In England and Wales, CPR is presumed in the event of a cardiac arrest unless a do not resuscitate order is in place. If they have capacity as defined under the Mental Capacity Act 2005 the patient may decline resuscitation, however any discussion is not in reference to consent to resuscitation and instead should be an explanation. Patients may also specify their wishes and/or devolve their decision-making to a proxy using an advance directive, which are commonly referred to as ‘Living Wills‘. Patients and relatives cannot demand treatment (including CPR) which the doctor believes is futile and in this situation, it is their doctor’s duty to act in their ‘best interest’, whether that means continuing or discontinuing treatment, using their clinical judgment. If they lack capacity relatives will often be asked for their opinion out of respect.
In Scotland, the terminology used is “Do Not Attempt Cardiopulmonary Resuscitation” or “DNACPR”. There is a single policy used across all of NHS Scotland. The legal standing is similar to that in England and Wales, in that CPR is viewed as a treatment and, although there is a general presumption that CPR will be performed in the case of cardiac arrest, this is not the case if it is viewed by the treating clinician to be futile. Patients and families cannot demand CPR to be performed if it is felt to be futile (as with any medical treatment) and a DNACPR can be issued despite disagreement, although it is good practice to involve all parties in the discussion.
In the United States the documentation is especially complicated in that each state accepts different forms, and advance directives and living wills may not be accepted by EMS as legally valid forms. If a patient has a living will that specifies the patient requests of DNR but does not have a properly filled out state-sponsored form that is co-signed by a physician, EMS may attempt resuscitation.
The DNR decision by patients was first litigated in 1976 in In re Quinlan. The New Jersey Supreme Court upheld the right of Karen Ann Quinlan’s parents to order her removal from artificial ventilation. In 1991 Congress passed into law the Patient Self-Determination Act that mandated hospitals honor an individual’s decision in their healthcare. Forty-nine states currently permit the next of kin to make medical decisions of incapacitated relatives, the exception being Missouri. Missouri has a Living Will Statute that requires two witnesses to any signed advance directive that results in a DNR/DNI code status in the hospital.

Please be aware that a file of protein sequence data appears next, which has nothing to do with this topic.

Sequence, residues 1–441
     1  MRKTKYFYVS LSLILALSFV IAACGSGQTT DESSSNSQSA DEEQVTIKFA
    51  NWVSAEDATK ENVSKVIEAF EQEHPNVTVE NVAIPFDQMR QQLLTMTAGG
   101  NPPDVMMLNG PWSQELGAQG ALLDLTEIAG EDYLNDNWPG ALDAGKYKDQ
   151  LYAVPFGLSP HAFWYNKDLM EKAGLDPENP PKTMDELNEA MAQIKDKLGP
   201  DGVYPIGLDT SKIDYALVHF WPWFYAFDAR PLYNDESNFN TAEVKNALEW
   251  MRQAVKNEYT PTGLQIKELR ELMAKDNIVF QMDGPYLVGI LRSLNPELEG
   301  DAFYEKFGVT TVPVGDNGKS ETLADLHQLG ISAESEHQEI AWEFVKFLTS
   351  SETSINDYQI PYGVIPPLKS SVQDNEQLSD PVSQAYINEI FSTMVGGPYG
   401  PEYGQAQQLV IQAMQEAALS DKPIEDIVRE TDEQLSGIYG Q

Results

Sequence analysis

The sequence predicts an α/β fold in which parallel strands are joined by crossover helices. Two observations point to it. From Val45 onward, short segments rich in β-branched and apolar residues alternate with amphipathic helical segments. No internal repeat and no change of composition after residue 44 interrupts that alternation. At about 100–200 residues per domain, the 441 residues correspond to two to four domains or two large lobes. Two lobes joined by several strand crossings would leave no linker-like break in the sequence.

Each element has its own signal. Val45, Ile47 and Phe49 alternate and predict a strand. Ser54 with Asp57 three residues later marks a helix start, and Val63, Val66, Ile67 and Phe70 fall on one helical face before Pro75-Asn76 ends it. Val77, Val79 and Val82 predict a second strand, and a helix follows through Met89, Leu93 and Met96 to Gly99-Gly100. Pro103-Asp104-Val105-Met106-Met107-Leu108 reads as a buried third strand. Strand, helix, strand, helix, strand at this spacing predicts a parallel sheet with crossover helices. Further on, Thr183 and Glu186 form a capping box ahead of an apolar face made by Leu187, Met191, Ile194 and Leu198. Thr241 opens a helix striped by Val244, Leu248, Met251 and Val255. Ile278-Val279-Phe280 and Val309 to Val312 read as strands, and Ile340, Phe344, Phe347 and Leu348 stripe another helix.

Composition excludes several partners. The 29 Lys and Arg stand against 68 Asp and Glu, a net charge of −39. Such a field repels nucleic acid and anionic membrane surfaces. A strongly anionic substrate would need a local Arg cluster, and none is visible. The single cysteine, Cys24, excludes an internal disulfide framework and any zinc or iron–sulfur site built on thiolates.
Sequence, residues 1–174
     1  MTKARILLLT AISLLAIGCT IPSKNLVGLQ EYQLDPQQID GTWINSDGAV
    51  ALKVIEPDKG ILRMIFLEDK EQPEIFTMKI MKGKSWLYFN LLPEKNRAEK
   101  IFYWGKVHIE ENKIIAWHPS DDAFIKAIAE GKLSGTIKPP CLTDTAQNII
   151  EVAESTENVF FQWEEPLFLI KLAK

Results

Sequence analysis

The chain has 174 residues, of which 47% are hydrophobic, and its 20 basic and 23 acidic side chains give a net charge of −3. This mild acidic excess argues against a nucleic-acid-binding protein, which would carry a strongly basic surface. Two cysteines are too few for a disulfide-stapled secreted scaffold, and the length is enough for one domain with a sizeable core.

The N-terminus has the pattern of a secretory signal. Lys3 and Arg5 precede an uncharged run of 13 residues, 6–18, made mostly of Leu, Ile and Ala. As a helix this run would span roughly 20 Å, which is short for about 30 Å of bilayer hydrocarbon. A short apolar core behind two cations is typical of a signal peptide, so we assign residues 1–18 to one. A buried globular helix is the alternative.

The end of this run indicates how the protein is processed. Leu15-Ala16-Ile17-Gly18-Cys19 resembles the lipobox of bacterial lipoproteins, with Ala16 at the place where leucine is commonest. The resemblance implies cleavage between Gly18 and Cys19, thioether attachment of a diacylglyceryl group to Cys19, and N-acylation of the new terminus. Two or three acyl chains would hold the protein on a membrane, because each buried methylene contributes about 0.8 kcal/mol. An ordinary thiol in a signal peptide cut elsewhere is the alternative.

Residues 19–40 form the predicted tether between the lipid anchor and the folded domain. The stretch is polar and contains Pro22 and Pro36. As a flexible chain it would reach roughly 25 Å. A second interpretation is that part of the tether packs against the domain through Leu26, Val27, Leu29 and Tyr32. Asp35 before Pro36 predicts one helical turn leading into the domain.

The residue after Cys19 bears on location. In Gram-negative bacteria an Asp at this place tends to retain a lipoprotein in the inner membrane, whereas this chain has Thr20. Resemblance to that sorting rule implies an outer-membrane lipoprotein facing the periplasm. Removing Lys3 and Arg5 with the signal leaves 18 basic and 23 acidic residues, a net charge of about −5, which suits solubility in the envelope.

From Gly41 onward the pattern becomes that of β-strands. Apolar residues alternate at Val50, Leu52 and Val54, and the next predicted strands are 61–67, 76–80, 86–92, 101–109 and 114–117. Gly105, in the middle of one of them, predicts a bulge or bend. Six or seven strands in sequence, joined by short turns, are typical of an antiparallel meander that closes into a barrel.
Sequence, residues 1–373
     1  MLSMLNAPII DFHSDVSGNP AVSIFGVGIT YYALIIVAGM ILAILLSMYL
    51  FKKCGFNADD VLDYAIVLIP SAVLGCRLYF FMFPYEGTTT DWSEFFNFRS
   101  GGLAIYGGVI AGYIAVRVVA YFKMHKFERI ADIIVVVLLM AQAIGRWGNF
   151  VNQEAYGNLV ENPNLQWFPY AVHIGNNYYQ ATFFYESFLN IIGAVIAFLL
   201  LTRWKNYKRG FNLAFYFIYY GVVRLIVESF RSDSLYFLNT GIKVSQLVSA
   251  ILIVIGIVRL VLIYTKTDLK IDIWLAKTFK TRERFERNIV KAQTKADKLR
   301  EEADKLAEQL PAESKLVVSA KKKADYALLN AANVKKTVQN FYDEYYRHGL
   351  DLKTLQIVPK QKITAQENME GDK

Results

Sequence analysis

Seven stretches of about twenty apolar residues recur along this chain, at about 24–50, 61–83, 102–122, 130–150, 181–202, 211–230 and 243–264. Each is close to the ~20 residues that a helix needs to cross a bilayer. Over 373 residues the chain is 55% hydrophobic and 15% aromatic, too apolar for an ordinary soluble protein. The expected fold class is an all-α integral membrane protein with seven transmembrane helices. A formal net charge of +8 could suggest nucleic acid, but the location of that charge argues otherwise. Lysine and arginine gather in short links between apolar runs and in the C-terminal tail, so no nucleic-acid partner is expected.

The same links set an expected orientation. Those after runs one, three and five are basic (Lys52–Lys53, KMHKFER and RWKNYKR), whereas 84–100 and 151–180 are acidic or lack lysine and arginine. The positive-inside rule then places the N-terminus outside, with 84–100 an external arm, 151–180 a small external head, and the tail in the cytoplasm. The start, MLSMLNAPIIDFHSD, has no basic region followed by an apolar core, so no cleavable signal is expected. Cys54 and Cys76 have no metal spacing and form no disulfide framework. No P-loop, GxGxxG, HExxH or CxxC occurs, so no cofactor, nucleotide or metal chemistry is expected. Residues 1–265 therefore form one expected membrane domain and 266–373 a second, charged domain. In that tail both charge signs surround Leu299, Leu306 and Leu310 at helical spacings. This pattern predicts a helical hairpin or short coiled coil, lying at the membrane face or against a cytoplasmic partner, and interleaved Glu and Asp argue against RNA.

In the United States, cardiopulmonary resuscitation (CPR) and advanced cardiac life support (ACLS) will not be performed if a valid written “DNR” order is present. Many states do not recognize living wills or health care proxies in the prehospital setting and prehospital personnel in those areas may be required to initiate resuscitation measures unless a specific state-sponsored form is properly filled out and cosigned by a physician.
Do not resuscitate orders are similar to those used in the United States. In 1995, the Canadian Medical Association, Canadian Hospital Association, Canadian Nursing Association, and Catholic Health Association of Canada worked with the Canadian Bar Association to clarify and create a Joint Statement on Resuscitative Interventions guideline for use to determine when and how DNR orders are assigned. DNR orders must be discussed by doctors with the patient or patient agents or patient’s significant others. Unilateral DNR by medical professionals can only be used if the patient is in a vegetative state.
In Australia, Do Not Resuscitate orders are covered by legislation on a state-by-state basis.
In Victoria, a Refusal of Medical Treatment certificate is a legal means to refuse medical treatments of current medical conditions. It does not apply to palliative care (reasonable pain relief; food and drink). An Advanced Care Directive legally defines the medical treatments that a person may choose to receive (or not to receive) in various defined circumstances. It can be used to refuse resuscitation, so as avoid needless suffering.
In NSW, a Resuscitation Plan is a medically authorised order to use or withhold resuscitation measures, and which documents other aspects of treatment relevant at end of life. Such plans are only valid for patients of a doctor who is a NSW Health staff member. The plan allows for the refusal of any and all life-sustaining treatments, the advance refusal for a time of future incapacity, and the decision to move to purely palliative care.
DNRs are not recognized by Italy. Physicians must attempt to resuscitate all patients regardless of individual or familial wishes. Italian laws force healthcare staff to resuscitate a patient even if the patient has a DNR or does not wish to live. There are jail penalties (from 6 to 15 years) for healthcare staff breaching this law, e.g. “omicidio del consenziente”.[better source needed] Therefore in Italy a signed DNR has no legal value.